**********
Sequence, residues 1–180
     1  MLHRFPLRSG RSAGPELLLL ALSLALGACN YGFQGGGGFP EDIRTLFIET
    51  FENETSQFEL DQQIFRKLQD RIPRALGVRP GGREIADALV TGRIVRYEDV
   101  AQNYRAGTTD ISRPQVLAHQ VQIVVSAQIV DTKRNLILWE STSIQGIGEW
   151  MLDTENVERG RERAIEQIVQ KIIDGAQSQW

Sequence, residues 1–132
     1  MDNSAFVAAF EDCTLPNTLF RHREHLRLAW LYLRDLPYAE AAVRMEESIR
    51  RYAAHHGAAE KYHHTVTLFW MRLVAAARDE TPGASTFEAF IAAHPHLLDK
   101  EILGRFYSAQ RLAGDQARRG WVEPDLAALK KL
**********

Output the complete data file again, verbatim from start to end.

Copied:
Sequence, residues 1–180
     1  MLHRFPLRSG RSAGPELLLL ALSLALGACN YGFQGGGGFP EDIRTLFIET
    51  FENETSQFEL DQQIFRKLQD RIPRALGVRP GGREIADALV TGRIVRYEDV
   101  AQNYRAGTTD ISRPQVLAHQ VQIVVSAQIV DTKRNLILWE STSIQGIGEW
   151  MLDTENVERG RERAIEQIVQ KIIDGAQSQW

Sequence, residues 1–132
     1  MDNSAFVAAF EDCTLPNTLF RHREHLRLAW LYLRDLPYAE AAVRMEESIR
    51  RYAAHHGAAE KYHHTVTLFW MRLVAAARDE TPGASTFEAF IAAHPHLLDK
   101  EILGRFYSAQ RLAGDQARRG WVEPDLAALK KL